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Farmer's Diary: Christmas 2006

Agriculture.com Staff 12/14/2006 @ 7:07am

Having spent my entire life on a farm, Christmas has always been a pleasant waypoint of the year. The seemingly endless days of irrigation, cultivation and harvest give way to a less hectic schedule of the short winter days. Even when we fed pens of cattle, the work was less intense than the summer schedule.

This morning as I am writing my last edition of Farmer's Diary, Christmas music fills our house. The old wood stove is turned up and ice coats the sidewalks and barren fields. The smells of baking still permeate our house after a "Chocolate Saturday." Carol and our daughters Jill, Becky and Katie spent the day making all description of Christmas goodies. I think they cleaned out the entire local inventories of chocolate chips!

Having finished (finally!) the outdoor decorations, this Sunday will be a day to enjoy being with my family. In a few hours we will take my mother, Lucille Butler, with us to the Golden Gate Baptist church in Wilder. This church has stood as a landmark of the Wilder community since the early 1900s. My parents first attended services when they arrived in Idaho in the late 1930s. Carol and I were married in this church in 1974 and while we no longer attend regular services there, coming back is like returning to my roots. Opal Jesse, Elvin Suter and Rachael Hull were just some of the great people who influenced my young life with the stories and teachings they shared in Sunday School classes. I can still see Willard Mills putting his all in pulling the rope to peal the steeple bell and hand out sacks of candy after the Christmas program. While they are no longer with us, the memory and influence of their service will continue in the lives of those who were honored to know them.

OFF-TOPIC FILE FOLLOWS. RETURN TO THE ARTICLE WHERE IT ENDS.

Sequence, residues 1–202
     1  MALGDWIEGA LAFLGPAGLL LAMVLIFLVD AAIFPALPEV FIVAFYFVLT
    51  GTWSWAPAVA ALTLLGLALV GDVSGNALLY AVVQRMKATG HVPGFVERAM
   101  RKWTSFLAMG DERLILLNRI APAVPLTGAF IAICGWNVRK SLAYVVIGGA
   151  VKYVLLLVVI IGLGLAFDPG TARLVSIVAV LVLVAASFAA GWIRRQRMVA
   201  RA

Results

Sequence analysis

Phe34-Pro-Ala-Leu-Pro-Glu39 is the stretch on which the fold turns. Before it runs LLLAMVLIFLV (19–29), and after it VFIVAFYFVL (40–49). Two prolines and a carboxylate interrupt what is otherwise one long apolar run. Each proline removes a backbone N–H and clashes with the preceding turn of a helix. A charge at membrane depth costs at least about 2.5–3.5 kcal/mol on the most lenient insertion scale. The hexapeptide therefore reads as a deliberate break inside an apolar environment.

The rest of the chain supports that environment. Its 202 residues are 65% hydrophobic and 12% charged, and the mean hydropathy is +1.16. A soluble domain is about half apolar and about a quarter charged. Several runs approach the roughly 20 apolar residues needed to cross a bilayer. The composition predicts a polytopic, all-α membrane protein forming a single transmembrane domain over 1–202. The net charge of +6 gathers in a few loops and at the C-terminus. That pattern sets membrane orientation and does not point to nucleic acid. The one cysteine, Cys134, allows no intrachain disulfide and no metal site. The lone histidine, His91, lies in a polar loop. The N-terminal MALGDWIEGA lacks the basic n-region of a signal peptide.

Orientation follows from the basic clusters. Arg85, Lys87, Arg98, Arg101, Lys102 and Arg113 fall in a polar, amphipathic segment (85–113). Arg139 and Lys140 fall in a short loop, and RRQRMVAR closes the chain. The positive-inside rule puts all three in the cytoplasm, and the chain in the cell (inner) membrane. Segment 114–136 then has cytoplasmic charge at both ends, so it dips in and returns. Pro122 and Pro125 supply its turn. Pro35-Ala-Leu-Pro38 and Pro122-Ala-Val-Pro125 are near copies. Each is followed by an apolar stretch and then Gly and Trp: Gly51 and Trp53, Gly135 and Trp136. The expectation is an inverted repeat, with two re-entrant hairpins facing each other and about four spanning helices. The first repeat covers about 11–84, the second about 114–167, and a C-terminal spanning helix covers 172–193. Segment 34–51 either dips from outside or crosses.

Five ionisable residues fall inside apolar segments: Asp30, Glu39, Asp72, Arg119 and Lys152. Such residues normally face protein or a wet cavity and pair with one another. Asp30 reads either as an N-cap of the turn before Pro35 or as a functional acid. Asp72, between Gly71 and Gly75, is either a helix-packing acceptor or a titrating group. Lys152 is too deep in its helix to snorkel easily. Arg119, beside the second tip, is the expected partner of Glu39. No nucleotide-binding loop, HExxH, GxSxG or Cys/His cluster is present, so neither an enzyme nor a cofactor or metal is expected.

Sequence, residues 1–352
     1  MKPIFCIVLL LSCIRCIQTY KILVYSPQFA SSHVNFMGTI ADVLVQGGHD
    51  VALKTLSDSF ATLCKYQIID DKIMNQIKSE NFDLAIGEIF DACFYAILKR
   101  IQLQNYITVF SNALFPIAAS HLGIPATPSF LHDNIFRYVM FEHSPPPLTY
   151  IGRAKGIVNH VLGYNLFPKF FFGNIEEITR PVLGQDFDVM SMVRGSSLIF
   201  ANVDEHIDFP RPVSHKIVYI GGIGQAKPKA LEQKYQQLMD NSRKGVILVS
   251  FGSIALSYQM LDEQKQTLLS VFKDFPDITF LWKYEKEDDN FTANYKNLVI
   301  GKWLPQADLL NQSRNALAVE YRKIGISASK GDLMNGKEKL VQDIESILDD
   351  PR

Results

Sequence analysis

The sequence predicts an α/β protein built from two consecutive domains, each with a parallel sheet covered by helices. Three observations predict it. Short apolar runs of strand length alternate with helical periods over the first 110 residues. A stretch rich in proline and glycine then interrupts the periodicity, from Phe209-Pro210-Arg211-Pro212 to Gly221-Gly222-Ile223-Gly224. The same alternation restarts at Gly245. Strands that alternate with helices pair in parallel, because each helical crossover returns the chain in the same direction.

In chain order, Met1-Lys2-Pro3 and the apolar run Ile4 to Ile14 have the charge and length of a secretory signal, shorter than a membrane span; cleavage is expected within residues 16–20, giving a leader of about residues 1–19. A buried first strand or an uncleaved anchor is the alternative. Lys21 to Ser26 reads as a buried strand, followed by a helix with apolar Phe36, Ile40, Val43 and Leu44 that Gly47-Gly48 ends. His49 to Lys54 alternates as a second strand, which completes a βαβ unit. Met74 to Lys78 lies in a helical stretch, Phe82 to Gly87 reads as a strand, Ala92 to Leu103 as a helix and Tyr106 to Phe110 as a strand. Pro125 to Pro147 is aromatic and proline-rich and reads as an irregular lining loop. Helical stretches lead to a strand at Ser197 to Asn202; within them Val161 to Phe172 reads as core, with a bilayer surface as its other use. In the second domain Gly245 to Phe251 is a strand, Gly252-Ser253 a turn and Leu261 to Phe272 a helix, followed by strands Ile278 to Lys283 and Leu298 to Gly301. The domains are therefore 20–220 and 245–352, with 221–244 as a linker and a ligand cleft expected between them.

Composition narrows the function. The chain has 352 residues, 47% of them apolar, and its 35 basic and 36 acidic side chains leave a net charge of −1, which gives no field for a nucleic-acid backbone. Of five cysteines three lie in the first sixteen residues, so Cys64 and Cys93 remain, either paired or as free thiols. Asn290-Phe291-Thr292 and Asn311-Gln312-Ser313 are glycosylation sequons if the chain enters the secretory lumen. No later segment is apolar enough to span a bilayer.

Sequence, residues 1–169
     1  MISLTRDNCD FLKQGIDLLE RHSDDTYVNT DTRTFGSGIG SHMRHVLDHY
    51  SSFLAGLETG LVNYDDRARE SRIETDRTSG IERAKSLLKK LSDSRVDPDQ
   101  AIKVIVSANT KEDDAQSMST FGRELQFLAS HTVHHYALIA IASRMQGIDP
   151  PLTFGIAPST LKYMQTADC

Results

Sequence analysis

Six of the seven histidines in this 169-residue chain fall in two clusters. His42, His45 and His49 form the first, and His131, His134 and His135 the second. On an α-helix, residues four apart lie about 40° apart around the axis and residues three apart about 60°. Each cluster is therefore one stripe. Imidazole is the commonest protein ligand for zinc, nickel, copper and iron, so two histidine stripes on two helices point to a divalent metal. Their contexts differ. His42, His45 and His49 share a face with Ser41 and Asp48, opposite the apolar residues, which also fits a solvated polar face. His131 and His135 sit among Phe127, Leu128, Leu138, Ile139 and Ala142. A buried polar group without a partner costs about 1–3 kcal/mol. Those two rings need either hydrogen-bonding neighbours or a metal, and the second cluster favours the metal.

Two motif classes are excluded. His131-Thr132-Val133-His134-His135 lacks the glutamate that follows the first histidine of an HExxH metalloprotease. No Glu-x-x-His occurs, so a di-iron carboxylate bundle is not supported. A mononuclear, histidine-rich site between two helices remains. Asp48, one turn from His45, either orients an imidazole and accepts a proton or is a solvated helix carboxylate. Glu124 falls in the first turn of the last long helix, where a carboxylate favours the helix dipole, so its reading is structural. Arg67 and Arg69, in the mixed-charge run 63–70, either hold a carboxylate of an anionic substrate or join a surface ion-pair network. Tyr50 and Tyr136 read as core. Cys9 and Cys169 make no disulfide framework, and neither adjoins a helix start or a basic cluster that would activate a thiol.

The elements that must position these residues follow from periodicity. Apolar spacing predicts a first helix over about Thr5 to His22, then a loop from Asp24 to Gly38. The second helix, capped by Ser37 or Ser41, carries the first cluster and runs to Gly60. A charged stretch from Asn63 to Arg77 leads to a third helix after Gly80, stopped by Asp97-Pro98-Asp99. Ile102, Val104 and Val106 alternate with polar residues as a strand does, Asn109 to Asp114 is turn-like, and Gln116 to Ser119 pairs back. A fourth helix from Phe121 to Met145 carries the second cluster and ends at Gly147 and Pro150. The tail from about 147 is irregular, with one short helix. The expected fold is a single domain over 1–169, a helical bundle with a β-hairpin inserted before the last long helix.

Here at Sunrise Acres, this month is a time to "do the books" and decide what will be produced on the farm next year. Now that the farm is no longer the main source of our income, crop decisions are based more on what can be raised with as little labor as possible. Hay and grain take very little hand labor and, compared to other crops, less precise irrigation. The harvest is completely mechanized and there is usually someone willing to do the windrowing, baling, stacking and combining required. We are considering a crop of corn in two of our fields next year. While the corn prices are certainly more attractive than in the past, my motive is a bit different. I simply miss having a place to hunt pheasants and ducks! With our close proximity to the Snake River, I am hoping next fall will bring more hunting opportunities. There seem to be fewer places to hunt each year.

The reality is that the beautiful area of the Treasure Valley we live in is rapidly being transformed into houses. With this pressure mounting, Carol and I feel like the fields we work now may become just another subdivision in the next 10 years. With this in mind, each hearing and approval brings that day ever closer. While we have resisted development in our Fargo community, the numbers of housing developments already approved will soon bring more people into this area than the roads will safely handle. Walking and bike rides are a completely different experience than they once were. We can't blame people for wanting to share our valley, it's just getting a bit crowded for our tastes! We were fortunate that while our children were little, the traffic was much lighter.

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